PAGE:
“And now take Soulsby,” she went on. “Of course I take it for granted there’s a good deal that he has never felt called upon to mention. He hasn’t what you may call a talkative temperament. But there is also a good deal that I do know. He’s been an actor, too, and to this day I’d back him against Edwin Booth himself to recite ‘Clarence’s Dream.’ And he’s been a medium, and then he was a travelling phrenologist, and for a long time he was advance agent for a British Blondes show, and when I first saw him he was lecturing on female diseases—and he had his little turn with a grand jury too. In fact, he was what you may call a regular bad old rooster.”
Again Theron suffered the pause to lapse without comment—save for an amorphous sort of conversation which he felt to be going on between his eyes and those of Sister Soulsby.
“Well, then,” she resumed, “so much for us apart. Now about us together. We liked each other from the start. We compared notes, and we found that we had both soured on living by fakes, and that we were tired of the road, and wanted to settle down and be respectable in our old age. We had a little money—enough to see us through a year or two. Soulsby had always hungered and longed to own a garden and raise flowers, and had never been able to stay long enough in one place to see so much as a bean-pod ripen. So we took a little place in a quiet country village down on the Southern Tier, and he planted everything three deep all over the place, and I bought a roomful of cheap good books, and we started in. We took to it like ducks to water for a while, and I don’t say that we couldn’t have stood it out, just doing nothing, to this very day; but as luck would have it, during the first winter there was a revival at the local Methodist church, and we went every evening—at first just to kill time, and then because we found we liked the noise and excitement and general racket of the thing. After it was all over each of us found that the other had been mighty near going up to the rail and joining the mourners. And another thing had occurred to each of us, too—that is, what tremendous improvements there were possible in the way that amateur revivalist worked up his business. This stuck in our crops, and we figured on it all through the winter.—Well, to make a long story short, we finally went into the thing ourselves.”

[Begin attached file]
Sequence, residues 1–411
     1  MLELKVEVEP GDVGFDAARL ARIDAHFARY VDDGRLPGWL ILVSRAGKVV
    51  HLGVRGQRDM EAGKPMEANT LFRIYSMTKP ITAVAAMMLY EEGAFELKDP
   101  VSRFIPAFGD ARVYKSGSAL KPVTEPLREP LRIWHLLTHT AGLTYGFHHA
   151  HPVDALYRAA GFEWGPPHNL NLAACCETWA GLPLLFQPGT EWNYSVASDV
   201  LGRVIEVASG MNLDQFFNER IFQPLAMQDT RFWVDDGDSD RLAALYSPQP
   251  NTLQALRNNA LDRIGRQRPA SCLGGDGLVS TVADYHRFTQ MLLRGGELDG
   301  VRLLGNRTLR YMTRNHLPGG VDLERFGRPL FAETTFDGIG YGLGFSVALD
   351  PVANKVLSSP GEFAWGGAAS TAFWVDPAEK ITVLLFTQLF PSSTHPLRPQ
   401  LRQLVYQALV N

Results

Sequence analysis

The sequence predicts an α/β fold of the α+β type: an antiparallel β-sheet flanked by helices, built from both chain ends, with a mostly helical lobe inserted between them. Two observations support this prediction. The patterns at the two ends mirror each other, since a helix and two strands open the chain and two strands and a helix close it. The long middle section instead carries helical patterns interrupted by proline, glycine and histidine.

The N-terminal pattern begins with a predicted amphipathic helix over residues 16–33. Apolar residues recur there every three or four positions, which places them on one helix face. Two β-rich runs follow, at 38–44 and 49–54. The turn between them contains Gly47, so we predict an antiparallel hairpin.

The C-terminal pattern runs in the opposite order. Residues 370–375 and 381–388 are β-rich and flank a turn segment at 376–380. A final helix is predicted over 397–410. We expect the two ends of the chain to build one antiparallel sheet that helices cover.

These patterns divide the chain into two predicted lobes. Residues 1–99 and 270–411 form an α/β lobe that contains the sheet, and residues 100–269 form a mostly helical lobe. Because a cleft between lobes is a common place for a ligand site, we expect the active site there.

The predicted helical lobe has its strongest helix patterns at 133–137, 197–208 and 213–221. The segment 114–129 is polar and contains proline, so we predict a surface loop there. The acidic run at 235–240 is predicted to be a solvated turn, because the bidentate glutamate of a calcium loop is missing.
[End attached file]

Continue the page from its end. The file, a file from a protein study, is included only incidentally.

“Tell me one thing,” interposed Theron. “I’m anxious to understand it all as we go along. Were you and he at any time sincerely converted?—that is, I mean, genuinely convicted of sin and conscious of—you know what I mean!”
“Oh, bless you, yes,” responded Sister Soulsby. “Not only once—dozens of times—I may say every time. We couldn’t do good work if we weren’t. But that’s a matter of temperament—of emotions.”
“Precisely. That was what I was getting at,” explained Theron.